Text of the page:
He is armed with a lot of careful research as he misses the point.
He eventually concludes that, yes, the Republican Party is pretty much, you know, based on white hatred toward black people. And, he says, news reporting should include this fact.
In a way mainstream media outlets who promote a false equivalency between the two parties by failing to note at the very least the neo-racist supporters of the Republican Party are themselves complicit in the charade that the GOP is a morally legitimate entity. Not that racists don’t vote Democratic, and yes I know the GOP was, was, the party of Lincoln, but that was long ago in another country.
Let's help out a little here.
The Republican Party is indeed the party of racism. That's my opinion, and it is a legitimate opinion. It is not THE legitimate opinion. It is not a statement of fact.
Here is a statement of fact:
The Obama administration, following in a practice that has been around since Ronald Reagan, made a series of start-up investments in green energy companies. About 5 percent of those companies went bankrupt.
See? It's fact. It can be looked up.
The GOP is racist. That's opinion. It's a solid opinion and you can find evidence for it. But it isn't something that you can document as true or disprove as false. It is opinion.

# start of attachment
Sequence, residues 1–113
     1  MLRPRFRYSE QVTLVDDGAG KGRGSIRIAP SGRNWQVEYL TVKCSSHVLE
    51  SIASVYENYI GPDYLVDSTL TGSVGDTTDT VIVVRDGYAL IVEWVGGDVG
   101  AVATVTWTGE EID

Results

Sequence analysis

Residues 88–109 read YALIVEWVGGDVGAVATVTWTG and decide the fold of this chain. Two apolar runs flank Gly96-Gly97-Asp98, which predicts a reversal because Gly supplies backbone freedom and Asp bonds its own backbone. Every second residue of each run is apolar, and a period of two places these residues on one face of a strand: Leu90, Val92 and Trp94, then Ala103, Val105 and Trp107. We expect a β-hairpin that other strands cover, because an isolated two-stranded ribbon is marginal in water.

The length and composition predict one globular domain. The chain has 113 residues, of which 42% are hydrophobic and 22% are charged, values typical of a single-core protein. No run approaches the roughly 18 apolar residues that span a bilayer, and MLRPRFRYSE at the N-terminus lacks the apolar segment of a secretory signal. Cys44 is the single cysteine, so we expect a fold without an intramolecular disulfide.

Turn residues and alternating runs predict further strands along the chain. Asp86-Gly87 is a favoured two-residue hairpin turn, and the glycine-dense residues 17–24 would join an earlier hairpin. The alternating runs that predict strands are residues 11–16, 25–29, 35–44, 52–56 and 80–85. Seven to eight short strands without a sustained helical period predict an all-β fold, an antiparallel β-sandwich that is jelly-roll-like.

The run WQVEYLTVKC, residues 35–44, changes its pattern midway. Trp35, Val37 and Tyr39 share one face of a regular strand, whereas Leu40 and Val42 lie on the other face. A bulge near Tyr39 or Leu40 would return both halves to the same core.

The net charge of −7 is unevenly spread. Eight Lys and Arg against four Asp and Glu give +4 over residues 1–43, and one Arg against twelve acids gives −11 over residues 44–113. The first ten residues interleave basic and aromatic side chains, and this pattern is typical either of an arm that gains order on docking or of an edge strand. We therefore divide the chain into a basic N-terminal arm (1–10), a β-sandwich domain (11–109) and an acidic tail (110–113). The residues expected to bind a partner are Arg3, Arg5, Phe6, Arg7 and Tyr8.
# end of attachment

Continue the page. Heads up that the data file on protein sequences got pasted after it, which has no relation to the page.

The idea of journalistic integrity, the reporting of the truth when the truth is unambiguous and factually documented, is a surprisingly controversial idea. In the bizarro world of contemporary reporting, it is thought to be kind of ... well ... impolite to say that someone is telling a lie.
Early this year, the Public Editor of the New York Times actually posed the question. Should the Times go so far as to fact check statements made by politicians? Should reporters tell the public when prospective representatives say things that are not matters of opinion, well founded or not, but are verified falsehoods? The title was Should The Times Be a Truth Vigilante?
Many readers were incredulous. I confess to wondering if this was a well deserved satire, an Onion piece, the sort of which sometimes fools Iran's religious autocracy. Is an editor wondering aloud if reporting should deal with facts?
But this is the form that modern journalism takes. Balance, the carefully divided critique of both sides of any issue, is considered the only legitimate departure from he said/she said reporting. Which is to say that false equivalency has supplanted reporting.